• He looked at her with a droll sort of awakening.他用一种古怪的如梦方醒的神情看着她.
13 touching sg6zQ9     
  • It was a touching sight.这是一幅动人的景象。
  • His letter was touching.他的信很感人。
14 maiden yRpz7     
  • The prince fell in love with a fair young maiden.王子爱上了一位年轻美丽的少女。
  • The aircraft makes its maiden flight tomorrow.这架飞机明天首航。
15 chuckled 8ce1383c838073977a08258a1f3e30f8     
轻声地笑( chuckle的过去式和过去分词 )
  • She chuckled at the memory. 想起这件事她就暗自发笑。
  • She chuckled softly to herself as she remembered his astonished look. 想起他那惊讶的表情,她就轻轻地暗自发笑。
16 attire AN0zA     
  • He had no intention of changing his mode of attire.他无意改变着装方式。
  • Her attention was attracted by his peculiar attire.他那奇特的服装引起了她的注意。
17 omens 4fe4cb32de8b61bd4b8036d574e4f48a     
n.前兆,预兆( omen的名词复数 )
  • The omens for the game are still not propitious. 这场比赛仍不被看好。 来自辞典例句
  • Such omens betide no good. 这种征兆预示情况不妙。 来自辞典例句
18 naught wGLxx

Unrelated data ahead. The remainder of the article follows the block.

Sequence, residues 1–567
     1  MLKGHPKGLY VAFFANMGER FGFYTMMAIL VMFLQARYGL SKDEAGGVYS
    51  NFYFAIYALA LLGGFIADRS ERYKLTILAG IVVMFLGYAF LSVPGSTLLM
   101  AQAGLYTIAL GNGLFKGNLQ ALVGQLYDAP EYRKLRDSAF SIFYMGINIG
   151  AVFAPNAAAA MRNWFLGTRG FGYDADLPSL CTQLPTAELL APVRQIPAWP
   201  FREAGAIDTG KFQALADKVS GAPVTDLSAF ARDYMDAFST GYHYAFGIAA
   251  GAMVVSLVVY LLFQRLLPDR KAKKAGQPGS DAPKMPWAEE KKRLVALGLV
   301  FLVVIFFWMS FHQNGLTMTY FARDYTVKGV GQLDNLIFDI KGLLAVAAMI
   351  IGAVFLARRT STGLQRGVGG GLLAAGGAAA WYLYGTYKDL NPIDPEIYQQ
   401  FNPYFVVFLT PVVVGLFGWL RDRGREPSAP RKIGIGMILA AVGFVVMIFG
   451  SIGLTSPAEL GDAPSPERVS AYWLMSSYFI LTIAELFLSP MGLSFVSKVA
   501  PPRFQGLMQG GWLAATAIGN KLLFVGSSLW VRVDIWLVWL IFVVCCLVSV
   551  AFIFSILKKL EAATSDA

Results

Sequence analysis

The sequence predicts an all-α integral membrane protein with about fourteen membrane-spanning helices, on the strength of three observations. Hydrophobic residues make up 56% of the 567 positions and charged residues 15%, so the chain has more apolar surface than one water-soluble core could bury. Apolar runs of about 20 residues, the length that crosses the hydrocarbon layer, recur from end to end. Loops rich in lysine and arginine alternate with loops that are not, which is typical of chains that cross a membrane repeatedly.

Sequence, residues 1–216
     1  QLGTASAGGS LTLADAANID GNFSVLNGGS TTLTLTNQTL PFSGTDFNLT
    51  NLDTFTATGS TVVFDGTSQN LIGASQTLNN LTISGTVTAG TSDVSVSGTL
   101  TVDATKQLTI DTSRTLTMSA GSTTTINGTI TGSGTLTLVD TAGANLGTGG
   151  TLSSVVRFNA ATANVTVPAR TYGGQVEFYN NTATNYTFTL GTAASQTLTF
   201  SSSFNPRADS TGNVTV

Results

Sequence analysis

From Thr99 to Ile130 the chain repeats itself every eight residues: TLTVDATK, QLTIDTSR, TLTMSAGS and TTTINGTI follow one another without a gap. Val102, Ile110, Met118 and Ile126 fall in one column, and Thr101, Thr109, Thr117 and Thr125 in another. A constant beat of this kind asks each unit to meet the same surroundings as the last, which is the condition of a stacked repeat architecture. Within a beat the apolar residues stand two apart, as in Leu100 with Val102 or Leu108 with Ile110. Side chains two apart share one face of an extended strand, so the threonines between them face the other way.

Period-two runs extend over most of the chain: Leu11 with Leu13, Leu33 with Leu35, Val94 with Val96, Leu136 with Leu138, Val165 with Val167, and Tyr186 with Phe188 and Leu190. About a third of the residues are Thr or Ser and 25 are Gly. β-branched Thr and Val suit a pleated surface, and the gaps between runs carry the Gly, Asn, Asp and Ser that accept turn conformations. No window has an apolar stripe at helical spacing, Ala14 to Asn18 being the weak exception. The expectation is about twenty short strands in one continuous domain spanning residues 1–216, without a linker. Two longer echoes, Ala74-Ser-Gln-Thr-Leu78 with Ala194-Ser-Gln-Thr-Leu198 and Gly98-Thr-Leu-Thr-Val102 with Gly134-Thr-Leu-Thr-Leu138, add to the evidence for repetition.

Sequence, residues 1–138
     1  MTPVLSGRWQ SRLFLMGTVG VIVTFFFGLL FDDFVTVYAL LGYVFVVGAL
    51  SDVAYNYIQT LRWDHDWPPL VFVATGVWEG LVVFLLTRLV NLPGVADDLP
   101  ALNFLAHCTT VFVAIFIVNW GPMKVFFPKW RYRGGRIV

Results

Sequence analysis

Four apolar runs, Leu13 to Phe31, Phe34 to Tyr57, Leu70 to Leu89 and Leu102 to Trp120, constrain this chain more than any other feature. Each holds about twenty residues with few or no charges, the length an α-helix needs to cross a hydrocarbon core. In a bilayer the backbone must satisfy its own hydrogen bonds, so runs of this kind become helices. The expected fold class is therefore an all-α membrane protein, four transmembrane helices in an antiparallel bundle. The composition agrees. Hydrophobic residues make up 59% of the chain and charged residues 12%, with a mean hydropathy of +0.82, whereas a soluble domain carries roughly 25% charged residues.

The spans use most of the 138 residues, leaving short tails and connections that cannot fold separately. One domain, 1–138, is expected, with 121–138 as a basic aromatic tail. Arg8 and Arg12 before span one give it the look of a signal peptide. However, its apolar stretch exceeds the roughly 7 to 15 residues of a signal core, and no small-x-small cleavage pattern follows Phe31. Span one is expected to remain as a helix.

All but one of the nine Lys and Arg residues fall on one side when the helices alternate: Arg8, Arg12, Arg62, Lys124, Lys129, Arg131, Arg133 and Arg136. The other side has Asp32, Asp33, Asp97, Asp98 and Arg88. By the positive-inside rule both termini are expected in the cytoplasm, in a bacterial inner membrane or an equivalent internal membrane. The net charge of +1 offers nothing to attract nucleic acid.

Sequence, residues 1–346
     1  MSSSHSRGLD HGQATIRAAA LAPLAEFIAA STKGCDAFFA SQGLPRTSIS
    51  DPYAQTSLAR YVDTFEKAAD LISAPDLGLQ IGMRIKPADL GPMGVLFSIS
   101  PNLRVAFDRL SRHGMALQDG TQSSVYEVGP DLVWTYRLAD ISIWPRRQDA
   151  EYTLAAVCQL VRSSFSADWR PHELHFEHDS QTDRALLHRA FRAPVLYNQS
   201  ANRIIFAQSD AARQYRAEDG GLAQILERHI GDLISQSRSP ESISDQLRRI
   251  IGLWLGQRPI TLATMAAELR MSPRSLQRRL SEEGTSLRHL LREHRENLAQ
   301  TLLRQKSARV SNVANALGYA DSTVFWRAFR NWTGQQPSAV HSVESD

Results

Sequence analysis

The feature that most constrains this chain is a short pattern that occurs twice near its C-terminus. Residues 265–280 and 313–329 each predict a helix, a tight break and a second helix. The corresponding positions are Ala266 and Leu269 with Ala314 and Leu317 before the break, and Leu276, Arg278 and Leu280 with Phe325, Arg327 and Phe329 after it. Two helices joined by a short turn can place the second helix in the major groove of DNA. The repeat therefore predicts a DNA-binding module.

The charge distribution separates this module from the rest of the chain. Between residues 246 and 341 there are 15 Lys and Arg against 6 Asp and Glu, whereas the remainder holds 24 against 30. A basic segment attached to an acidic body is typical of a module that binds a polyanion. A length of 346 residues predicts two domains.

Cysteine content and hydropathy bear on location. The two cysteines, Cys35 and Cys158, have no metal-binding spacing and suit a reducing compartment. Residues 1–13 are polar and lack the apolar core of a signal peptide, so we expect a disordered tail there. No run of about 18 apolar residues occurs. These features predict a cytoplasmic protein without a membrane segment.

n.无,零 [=nought]
  • He sets at naught every convention of society.他轻视所有的社会习俗。
  • I hope that all your efforts won't go for naught.我希望你的努力不会毫无结果。
19 serenely Bi5zpo     
  • The boat sailed serenely on towards the horizon.小船平稳地向着天水交接处驶去。
  • It was a serenely beautiful night.那是一个宁静美丽的夜晚。
20 arbor fyIzz0     
  • They sat in the arbor and chatted over tea.他们坐在凉亭里,边喝茶边聊天。
  • You may have heard of Arbor Day at school.你可能在学校里听过植树节。
21 azure 6P3yh     
  • His eyes are azure.他的眼睛是天蓝色的。
  • The sun shone out of a clear azure sky.清朗蔚蓝的天空中阳光明媚。
22 plunge 228zO     
  • Test pool's water temperature before you plunge in.在你跳入之前你应该测试水温。
  • That would plunge them in the broil of the two countries.那将会使他们陷入这两国的争斗之中。
23 stunned 735ec6d53723be15b1737edd89183ec2     
adj. 震惊的,惊讶的 动词stun的过去式和过去分词
  • The fall stunned me for a moment. 那一下摔得我昏迷了片刻。
  • The leaders of the Kopper Company were then stunned speechless. 科伯公司的领导们当时被惊得目瞪口呆。
24 entirely entirely     
  • The fire was entirely caused by their neglect of duty. 那场火灾完全是由于他们失职而引起的。
  • His life was entirely given up to the educational work. 他的一生统统献给了教育工作。
25 bent QQ8yD     
  • He was fully bent upon the project.他一心扑在这项计划上。
  • We bent over backward to help them.我们尽了最大努力帮助他们。
26 hue qdszS     
  • The diamond shone with every hue under the sun.金刚石在阳光下放出五颜六色的光芒。